NEW YORK (CBSNewYork) -- "Occupy Wall Street" protesters were celebrating their month-long occupation of Zuccotti Park on Monday.
Amongst themselves, they've renamed Zuccotti Park "Liberty Square."
A message on the Occupy Wall Street organizing website touts what they see as their accomplishments: Spreading the their protest globally, becoming more demographically diverse, gaining support in the U.S. heartland and changing the national dialogue.
"What a month, and we are only getting started!" reads a message on the site.
1010 WINS' Terry Sheridan with proud protesters
Demonstrator Buddy Bolton has been in Zuccotti Park since the beginning. He told 1010 WINS' Terry Sheridan the protesters knew they were going to touch a nerve, but never imagined their movement would grow as big as it has.
"It's been one of the most wildly gratifying experiences of my life," Bolton said. "It hits so close to home, it feels so patriotic. It feels like the most patriotic thing you could do, short of participating in combat for our country."
The movement seems to have no signs of slowing down. They're planning to join in on a protest at Lincoln Center Tuesday, and will demonstrate against police brutality Saturday.
WCBS 880's Marla Diamond reported that some protesters said they were settling in for winter.
WCBS 880's Marla Diamond In Zuccotti Park
A frequent criticism of the demonstration is its lack of clear demands or goals. A message on their website suggests that goals may be coming into greater focus.
"[Occupy Wall Street] is fighting back against the corrosive power of major banks and multinational corporations over the democratic process, and the role of Wall Street in creating an economic collapse that has caused the greatest recession in generations," says the message.
But one thing is for sure, according to the latest Quinnipiac poll, a lot of New Yorkers understand why they're here, reports CBS 2's Don Dahler. By a 3 to 1 margin, 67 to 23 percent, voters agree with the views expressed by protestors. And approve of the demonstrations.
"It shows that our message is resonating with the wider community, that we can no longer be written off as some sort of fringe group," said protester Mark Bray of Jersey City.
According to the poll, more Democrats support what's happening down here than Republicans, reports Dahler. That probably won't surprise you, but what may is that a very large majority of both Democrats and Republicans support the demonstraters' right to be here protesting and they say they should be allowed to continue as long as they want.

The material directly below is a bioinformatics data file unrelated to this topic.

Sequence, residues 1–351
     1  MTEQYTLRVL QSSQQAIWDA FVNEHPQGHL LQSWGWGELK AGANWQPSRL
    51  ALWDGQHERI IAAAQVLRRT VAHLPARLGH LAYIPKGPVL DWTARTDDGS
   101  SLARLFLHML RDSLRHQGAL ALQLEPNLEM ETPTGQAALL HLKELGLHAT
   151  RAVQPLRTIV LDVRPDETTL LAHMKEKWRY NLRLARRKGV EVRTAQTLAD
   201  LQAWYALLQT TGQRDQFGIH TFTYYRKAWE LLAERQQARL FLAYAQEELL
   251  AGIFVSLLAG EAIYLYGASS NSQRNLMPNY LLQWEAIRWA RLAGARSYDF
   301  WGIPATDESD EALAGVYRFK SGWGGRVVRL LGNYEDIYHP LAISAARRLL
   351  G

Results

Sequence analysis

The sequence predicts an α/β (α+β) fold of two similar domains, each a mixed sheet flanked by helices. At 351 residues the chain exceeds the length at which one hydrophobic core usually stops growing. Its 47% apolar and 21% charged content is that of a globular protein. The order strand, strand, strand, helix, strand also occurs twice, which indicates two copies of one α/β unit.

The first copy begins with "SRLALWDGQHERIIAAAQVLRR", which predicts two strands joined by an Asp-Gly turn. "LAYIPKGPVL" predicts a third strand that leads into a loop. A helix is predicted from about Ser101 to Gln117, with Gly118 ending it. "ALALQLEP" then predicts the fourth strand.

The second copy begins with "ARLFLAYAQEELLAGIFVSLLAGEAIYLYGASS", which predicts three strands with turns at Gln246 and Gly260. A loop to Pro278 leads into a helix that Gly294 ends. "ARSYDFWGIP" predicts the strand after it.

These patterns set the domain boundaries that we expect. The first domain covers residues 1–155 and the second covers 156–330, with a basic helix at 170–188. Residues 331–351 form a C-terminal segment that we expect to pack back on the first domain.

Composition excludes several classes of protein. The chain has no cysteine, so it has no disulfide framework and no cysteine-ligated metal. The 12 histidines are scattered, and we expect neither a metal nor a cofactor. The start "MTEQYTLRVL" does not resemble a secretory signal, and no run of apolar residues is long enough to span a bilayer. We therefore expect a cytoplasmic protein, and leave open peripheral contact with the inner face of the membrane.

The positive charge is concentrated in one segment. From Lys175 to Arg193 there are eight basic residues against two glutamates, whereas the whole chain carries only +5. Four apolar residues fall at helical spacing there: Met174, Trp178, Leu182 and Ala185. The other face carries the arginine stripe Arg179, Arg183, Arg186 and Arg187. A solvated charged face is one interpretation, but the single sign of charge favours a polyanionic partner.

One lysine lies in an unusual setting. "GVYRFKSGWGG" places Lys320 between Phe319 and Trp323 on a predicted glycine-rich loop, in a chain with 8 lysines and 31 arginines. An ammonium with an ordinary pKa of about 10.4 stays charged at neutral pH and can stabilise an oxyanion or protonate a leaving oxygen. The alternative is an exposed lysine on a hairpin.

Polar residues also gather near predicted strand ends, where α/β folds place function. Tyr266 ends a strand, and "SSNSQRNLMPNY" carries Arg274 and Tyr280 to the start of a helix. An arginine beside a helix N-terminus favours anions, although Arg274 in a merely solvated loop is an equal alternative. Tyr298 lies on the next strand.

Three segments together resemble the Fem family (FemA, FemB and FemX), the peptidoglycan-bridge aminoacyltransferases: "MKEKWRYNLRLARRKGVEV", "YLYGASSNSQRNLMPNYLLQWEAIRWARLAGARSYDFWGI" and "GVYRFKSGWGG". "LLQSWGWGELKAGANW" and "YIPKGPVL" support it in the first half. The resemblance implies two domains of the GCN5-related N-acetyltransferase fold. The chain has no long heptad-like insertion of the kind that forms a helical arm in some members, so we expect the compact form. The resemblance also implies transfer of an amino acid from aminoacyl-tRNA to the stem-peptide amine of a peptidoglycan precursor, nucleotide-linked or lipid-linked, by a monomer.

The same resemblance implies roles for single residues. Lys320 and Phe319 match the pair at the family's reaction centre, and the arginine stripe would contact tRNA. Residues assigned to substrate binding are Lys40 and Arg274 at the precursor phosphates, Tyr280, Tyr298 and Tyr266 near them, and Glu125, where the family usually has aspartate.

Even New Jersey Republican Gov. Chris Christie said he gets it.
"While philosophically I don't agree with what they're advocating at all, I do understand that their protests are an outgrowth of a real concern about the dysfunction of our government.
As far as the Tuesday plan at Lincoln Center goes, the gathering is set to meet at 7 p.m. at the iconic fountain there. The organizers of that particular protest is the "Granny Peace Brigade." The group is calling for a "silent vigil" to protest ongoing U.S. military operations overseas among other issues.
It's not the first time the Occupy Wall Street protesters have taken their show on the road, even though it is their first visit to the Upper West Side. Last Tuesday, they held a "Millionaire's March" on the Upper East Side, targeting the homes of some of the wealthiest. They protested outside of the homes of billionaires Rupert Murdoch and JPMorganChase CEO Jamie Dimon, amongst others. They've also protested in Brooklyn, at the headquarters of JPMorganChase and this weekend held their largest gathering yet in Times Square.
This coming weekend's planned demonstration is against police brutality, and is part of a demonstration taking place across the country. The march will begin at 2 p.m. in Union Square.
WCBS 880's Peter Haskell With Mayor Bloomberg
The protests are not only generating a lot of attention, but they are also costing the city a lot of money. Through the first month, the police department has spent nearly $3.5 million in overtime.
Mayor Michael Bloomberg said it is especially difficult when the city is facing painful budget cuts.
"It would mean $3.5 million less we have to cut for the second half of this year or next year," he said.
Bloomberg said that it was up to Brookfield Properties, which owns Zuccotti Park, to decide what to do next. He added that the city will protect the rights of the owner and those who want to protest.
1010 WINS' Stan Brooks With More On Bloomberg's Thoughts
"I've said I'm 100 percent in favor of protecting the...thousand percent in favor of giving people rights to say things, but also, we have to protect those who don't want to say anything. And so, you can't have a place where only one point of view is allowed," Bloomberg said.
The mayor says demonstrators certainly have their right to protest, but the 1st Amendment does not give them carte blanche.
"Constitution doesn't protect tents. It protects speech and assembly," said Bloomberg, who added that he has heard nothing new from the parks owner about its position on the occupation.
Bloomberg's girlfriend, Diana Taylor, is on the board of Brookfield Properties. The mayor was asked if they've discussed the demonstrations.
"I can tell you that pillow talk in our house is not about Brookfield or Occupy Wall Street," answered the mayor.
What do you make of the Occupy Wall Street demonstration? Sound off in our comments section.
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